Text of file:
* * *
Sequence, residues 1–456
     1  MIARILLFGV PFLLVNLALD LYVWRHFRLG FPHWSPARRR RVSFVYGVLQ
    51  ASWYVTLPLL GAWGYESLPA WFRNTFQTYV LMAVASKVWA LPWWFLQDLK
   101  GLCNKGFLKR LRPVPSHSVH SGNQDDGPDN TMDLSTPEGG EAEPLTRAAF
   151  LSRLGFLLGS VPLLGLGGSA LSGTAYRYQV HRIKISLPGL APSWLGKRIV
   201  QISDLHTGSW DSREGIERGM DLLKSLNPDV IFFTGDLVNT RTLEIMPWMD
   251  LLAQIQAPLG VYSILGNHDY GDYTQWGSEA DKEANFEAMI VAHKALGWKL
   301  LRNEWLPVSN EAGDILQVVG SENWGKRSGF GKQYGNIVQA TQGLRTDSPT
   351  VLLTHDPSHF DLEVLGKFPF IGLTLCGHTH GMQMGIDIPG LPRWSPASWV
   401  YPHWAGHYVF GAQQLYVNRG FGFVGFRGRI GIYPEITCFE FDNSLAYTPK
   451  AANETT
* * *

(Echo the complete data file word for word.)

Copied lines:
Sequence, residues 1–456
     1  MIARILLFGV PFLLVNLALD LYVWRHFRLG FPHWSPARRR RVSFVYGVLQ
    51  ASWYVTLPLL GAWGYESLPA WFRNTFQTYV LMAVASKVWA LPWWFLQDLK
   101  GLCNKGFLKR LRPVPSHSVH SGNQDDGPDN TMDLSTPEGG EAEPLTRAAF
   151  LSRLGFLLGS VPLLGLGGSA LSGTAYRYQV HRIKISLPGL APSWLGKRIV
   201  QISDLHTGSW DSREGIERGM DLLKSLNPDV IFFTGDLVNT RTLEIMPWMD
   251  LLAQIQAPLG VYSILGNHDY GDYTQWGSEA DKEANFEAMI VAHKALGWKL
   301  LRNEWLPVSN EAGDILQVVG SENWGKRSGF GKQYGNIVQA TQGLRTDSPT
   351  VLLTHDPSHF DLEVLGKFPF IGLTLCGHTH GMQMGIDIPG LPRWSPASWV
   401  YPHWAGHYVF GAQQLYVNRG FGFVGFRGRI GIYPEITCFE FDNSLAYTPK
   451  AANETT